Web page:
Primary Sources

(1) Song, The Reign of Edward I (c. 1290)

The Scots raise their spears armed in their rags... The kilted people, numerous and savage, fell at Dunbar, and now stink like a dog. Vain glory made the deceitful people deny the true lord of Scotland... the wild people of Scotland soon break their faith... Scotland will not be obedient, it forces the king with his army to return... and reduces them to slavery... the English like angels are always conquerors.

(2) Matthew of Westminster, Flowers of History (c. 1310)

William Wallace, a man void of pity, a robber given to arson and murder, more hardened in cruelty than Herod, more raging in madness than Nero... was condemned to a most cruel but justly deserved death. He was drawn through the streets of London at the tails of horses, until he reached a gallows... especially prepared for him; there he was suspended on a halter; but taken down while alive, he was mutilated, his bowels torn out and burned in a fire, his head then cut off, his body divided into four, and his quarters transmitted to four principal parts of Scotland.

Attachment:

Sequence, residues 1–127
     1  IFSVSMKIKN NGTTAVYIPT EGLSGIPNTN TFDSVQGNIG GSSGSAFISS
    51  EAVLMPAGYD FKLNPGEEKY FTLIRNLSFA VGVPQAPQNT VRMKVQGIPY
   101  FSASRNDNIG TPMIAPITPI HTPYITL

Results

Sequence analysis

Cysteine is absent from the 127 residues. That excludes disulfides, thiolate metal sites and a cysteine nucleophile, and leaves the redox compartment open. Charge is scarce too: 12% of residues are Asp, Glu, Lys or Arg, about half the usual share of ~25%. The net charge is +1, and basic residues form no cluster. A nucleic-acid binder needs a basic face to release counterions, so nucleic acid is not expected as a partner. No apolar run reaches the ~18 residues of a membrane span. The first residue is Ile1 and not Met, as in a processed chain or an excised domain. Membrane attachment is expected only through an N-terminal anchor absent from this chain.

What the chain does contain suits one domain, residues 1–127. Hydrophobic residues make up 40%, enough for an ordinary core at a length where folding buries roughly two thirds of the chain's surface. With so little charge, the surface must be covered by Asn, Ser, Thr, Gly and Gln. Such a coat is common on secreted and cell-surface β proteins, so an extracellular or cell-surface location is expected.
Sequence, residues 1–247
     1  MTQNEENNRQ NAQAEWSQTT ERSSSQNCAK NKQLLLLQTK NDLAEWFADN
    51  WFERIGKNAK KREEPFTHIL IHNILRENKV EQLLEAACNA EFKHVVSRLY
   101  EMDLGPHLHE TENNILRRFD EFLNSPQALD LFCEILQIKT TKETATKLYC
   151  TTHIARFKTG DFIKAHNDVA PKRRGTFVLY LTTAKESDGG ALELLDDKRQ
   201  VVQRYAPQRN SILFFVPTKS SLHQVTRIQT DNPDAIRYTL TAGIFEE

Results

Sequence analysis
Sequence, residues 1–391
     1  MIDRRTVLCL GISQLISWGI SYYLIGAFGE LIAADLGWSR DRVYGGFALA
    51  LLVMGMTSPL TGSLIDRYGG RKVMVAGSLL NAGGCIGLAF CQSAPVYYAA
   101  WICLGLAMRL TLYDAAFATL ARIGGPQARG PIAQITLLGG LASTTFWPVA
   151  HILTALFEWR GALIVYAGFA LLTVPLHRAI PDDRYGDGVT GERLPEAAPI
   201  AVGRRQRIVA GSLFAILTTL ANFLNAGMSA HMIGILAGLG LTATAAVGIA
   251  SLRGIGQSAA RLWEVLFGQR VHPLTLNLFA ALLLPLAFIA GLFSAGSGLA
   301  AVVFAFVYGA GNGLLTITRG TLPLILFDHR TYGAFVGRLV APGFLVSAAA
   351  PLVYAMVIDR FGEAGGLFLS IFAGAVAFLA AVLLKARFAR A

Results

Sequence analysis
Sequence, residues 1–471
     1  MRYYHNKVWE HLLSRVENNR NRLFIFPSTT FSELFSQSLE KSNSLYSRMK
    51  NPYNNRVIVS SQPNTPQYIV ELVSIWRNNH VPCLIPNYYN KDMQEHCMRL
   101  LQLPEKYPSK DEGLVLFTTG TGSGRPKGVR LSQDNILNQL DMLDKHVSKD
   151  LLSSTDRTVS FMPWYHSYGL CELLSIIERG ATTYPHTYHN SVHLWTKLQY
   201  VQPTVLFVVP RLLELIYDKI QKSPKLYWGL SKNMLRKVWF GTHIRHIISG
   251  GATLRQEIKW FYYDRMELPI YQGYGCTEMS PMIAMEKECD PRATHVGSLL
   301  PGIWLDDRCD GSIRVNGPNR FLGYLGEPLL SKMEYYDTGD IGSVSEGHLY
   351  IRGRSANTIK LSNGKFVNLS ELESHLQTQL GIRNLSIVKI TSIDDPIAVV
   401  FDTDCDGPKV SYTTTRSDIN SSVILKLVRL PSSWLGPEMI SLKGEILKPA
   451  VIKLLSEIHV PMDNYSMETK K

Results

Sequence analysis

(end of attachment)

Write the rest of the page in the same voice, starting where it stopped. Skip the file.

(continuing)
(3) Andreas Franciscius, Journey to England (1497)

The whole island is divided into two parts, one of which is called England, and the other, in the north, Scotland. At the head of Scotland is a King who rules very fierce and courageous tribes, who are always the enemies of the English, and very frequently at war with them.

(4) Jean Froissart, Chronicles (c. 1395)

The Scots are tough and very bold and active in the use of arms and in fighting. Their opinion of the English was low, as it still is to the present day... The Scottish men are right hardy, and good travellers in armour and in war. When they come into England, they will drive their whole army 24 miles in a single day. During a war they will live for a long time on half-cooked meat, with nothing to drink but water from the rivers. Nor do they carry any pots or pans, since they cook animals in their skins... Also, behind his saddle each man carries a broad metal plate and a little sack, full of oatmeal. After they have eaten their meat, they put this plate on the fire, and mix some oatmeal with water.